Question: My 1970s cottage-cheese acoustic ceiling has been lab-tested and found to contain asbestos. Is it legal for me as a homeowner to remove the acoustic material if I use the proper safety equipment and dispose of it per regulations? Or must I have a contractor do it?
Answer: Getting rid of those dated cottage-cheese or "popcorn" ceilings is often the first thing homeowners want to do in a remodel. The homeowners I've interviewed hired a company to do the messy and potentially dangerous removal job when testing revealed the ceiling contained asbestos.
Another option -- which also works for other toxic materials, such as lead-based paint -- is to encapsulate it. The asbestos is dangerous when it becomes airborne and sucked into your lungs. It's possible to cover the ceiling with drywall that is taped off and then painted, thus containing the asbestos.
With either removal or encapsulation, I think dealing with asbestos is a job best left to the professionals.
I asked Westlake Village contractor Bob Sturgeon, president of Westside Remodeling (www.westsideremodeling.com) for his views.
Contractor's answer: Removing asbestos from your own home is legal, but that's assuming you have the know-how and equipment for asbestos removal.
My professional opinion is that the cost saving of doing it yourself does not justify the potential health risks that the job poses. Breathing high levels of asbestos fibers can lead to an increased risk of lung cancer, mesothelioma (cancer of the lining of the chest and the abdominal cavity) and asbestosis, a condition in which the lungs become scarred with fibrous tissue.
The professional you hire must have a valid contractor's license and certificate for asbestos abatement work. You can check that at the contractors' state licensing board, at www.cslb.ca.gov, and download a 12-page asbestos-removal booklet. Whoever does the work will need the following protective safety equipment:
* Half-face, dual-cartridge respirators, each equipped with a pair of color-coded purple HEPA filters. (HEPA is an acronym for high-efficiency particulate air filter). Each person working within the containment area needs a respirator.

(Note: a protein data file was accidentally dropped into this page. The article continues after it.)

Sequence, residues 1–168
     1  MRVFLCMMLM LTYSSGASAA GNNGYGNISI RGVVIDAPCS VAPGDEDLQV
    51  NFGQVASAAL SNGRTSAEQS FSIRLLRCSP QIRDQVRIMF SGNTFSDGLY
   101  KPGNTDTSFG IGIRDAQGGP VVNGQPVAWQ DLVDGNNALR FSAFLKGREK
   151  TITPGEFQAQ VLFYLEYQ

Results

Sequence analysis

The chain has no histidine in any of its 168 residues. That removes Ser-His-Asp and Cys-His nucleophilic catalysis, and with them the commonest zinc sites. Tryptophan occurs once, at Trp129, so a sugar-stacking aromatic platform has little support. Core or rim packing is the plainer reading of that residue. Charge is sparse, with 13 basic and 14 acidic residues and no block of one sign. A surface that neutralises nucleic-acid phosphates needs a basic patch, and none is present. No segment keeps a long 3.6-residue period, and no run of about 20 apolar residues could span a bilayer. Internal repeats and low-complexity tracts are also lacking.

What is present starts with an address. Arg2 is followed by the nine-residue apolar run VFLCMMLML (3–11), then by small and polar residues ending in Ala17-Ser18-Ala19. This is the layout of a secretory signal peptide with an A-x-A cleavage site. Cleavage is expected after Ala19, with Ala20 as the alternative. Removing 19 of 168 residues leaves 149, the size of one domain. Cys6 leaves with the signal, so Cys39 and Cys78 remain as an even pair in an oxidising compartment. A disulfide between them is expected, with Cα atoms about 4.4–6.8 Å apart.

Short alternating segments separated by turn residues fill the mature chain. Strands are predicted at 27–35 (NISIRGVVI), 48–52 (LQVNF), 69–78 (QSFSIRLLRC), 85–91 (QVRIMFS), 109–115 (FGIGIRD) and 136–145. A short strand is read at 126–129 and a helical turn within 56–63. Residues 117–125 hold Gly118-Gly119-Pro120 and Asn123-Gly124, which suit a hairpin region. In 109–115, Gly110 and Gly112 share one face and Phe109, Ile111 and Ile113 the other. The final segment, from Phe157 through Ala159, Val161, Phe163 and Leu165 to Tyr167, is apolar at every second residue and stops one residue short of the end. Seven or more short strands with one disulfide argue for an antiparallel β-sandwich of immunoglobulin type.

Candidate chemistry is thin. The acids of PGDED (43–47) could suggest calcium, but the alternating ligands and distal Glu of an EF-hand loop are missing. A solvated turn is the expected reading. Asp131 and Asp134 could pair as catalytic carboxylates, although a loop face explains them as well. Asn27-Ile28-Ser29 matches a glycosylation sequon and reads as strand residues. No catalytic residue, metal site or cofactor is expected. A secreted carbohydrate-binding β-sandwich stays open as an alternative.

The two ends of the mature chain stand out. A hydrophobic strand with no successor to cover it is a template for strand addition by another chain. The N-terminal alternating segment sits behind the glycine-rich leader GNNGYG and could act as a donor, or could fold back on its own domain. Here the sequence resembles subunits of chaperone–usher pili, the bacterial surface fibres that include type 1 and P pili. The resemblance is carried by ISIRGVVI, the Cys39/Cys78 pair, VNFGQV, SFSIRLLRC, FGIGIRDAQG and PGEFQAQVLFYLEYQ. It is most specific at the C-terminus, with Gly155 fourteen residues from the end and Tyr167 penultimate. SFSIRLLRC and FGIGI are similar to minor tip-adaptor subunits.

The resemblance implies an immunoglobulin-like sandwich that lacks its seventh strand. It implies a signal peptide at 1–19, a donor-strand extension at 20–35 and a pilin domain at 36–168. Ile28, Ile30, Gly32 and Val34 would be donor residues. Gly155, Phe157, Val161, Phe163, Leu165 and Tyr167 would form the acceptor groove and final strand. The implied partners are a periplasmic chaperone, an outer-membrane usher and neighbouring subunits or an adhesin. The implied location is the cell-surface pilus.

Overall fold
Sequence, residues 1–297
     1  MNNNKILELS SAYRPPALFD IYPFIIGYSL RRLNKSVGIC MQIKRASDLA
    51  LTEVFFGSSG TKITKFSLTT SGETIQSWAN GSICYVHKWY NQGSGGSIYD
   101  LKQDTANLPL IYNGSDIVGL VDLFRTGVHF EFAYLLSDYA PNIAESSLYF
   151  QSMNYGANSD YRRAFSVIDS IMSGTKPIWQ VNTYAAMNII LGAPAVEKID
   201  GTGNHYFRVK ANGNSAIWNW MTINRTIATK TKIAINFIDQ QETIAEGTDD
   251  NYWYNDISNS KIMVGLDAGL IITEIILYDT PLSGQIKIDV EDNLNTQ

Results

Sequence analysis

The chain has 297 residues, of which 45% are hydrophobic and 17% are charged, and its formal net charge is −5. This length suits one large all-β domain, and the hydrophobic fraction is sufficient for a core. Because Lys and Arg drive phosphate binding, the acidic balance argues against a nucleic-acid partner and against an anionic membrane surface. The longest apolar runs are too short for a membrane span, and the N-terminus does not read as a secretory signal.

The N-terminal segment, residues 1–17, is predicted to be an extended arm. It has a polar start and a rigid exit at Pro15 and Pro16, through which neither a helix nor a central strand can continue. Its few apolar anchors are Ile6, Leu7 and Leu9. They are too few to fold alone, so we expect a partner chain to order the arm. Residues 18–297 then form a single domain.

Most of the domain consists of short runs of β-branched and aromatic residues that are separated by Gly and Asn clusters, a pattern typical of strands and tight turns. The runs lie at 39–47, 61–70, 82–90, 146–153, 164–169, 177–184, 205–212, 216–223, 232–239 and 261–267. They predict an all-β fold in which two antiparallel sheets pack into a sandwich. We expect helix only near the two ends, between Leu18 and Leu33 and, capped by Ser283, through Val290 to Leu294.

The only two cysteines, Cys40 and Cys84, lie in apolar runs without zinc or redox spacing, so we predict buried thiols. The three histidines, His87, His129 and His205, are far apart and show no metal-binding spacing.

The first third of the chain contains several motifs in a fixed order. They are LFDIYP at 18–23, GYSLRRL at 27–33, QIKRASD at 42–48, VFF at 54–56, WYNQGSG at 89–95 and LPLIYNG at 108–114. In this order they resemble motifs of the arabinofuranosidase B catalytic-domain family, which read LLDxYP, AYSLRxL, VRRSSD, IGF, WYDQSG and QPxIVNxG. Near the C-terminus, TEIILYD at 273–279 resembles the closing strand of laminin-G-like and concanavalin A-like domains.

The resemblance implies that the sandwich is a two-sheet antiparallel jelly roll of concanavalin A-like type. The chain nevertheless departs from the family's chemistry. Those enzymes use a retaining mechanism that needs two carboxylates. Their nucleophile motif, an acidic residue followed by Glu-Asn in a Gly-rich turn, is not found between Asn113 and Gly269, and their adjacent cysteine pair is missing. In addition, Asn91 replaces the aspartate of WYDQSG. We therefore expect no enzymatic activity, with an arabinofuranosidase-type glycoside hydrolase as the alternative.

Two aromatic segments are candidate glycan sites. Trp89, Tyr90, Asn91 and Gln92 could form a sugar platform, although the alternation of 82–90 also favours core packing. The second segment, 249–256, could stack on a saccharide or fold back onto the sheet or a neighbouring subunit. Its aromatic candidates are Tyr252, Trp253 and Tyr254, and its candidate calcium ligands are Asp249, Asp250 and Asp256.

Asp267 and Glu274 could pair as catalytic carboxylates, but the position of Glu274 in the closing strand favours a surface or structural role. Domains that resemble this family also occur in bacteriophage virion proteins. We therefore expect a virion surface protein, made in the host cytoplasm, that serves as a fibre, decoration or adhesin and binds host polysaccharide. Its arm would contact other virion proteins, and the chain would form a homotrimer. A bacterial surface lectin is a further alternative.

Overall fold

* Goggles for eye protection.
* Several pairs of disposable coveralls with built-in booties should be worn. One pair will be needed for each entry into the containment area. Every time a worker leaves a containment area during a removal, coveralls should be disposed of in sealed asbestos-disposal bags.
* Laceless, pull-on rubber boots without fasteners will protect coverall booties so they do not wear through. Rubber boots can be washed off later or disposed of as contaminated debris.
* Rubber gloves should be worn. Every time a worker leaves the containment area, these gloves should be disposed of in properly sealed asbestos-disposal bags.
* To build a containment area, 2- or 3-millimeter polyethylene sheeting for the walls and 6-millimeter sheeting to cover the floors in the work area.
* Asbestos waste disposal bags for containing contaminated materials. The bags are made of 6-millimeter polyethylene. Each should be printed with required asbestos warning.
* Duct tape for building a containment area and sealing waste disposal bags.
* Tank sprayer for wetting acoustic ceiling material.
* Putty knives with 4- to 6-inch blades.
* Plenty of rags and buckets.
* Encapsulant, a coating that seals and binds the asbestos fibers. It's used for coating walls and/or ceilings after asbestos materials have been scraped off.
After the acoustic ceiling material is removed, two coats of drywall mud should be applied to the joints and screw heads. Then the entire ceiling should be textured.
Also, before anyone starts removal of asbestos, the state agencies regulating the removal of asbestos -- the Air Quality Management District and Cal/OSHA -- must be notified. For more information, go to www.dir.ca.gov/dosh/asbestos.html.
Submit remodeling questions at www.kathyprice.com, or send to Real Estate Section, L.A. Times, 202 W. 1st St., L.A., CA 90012.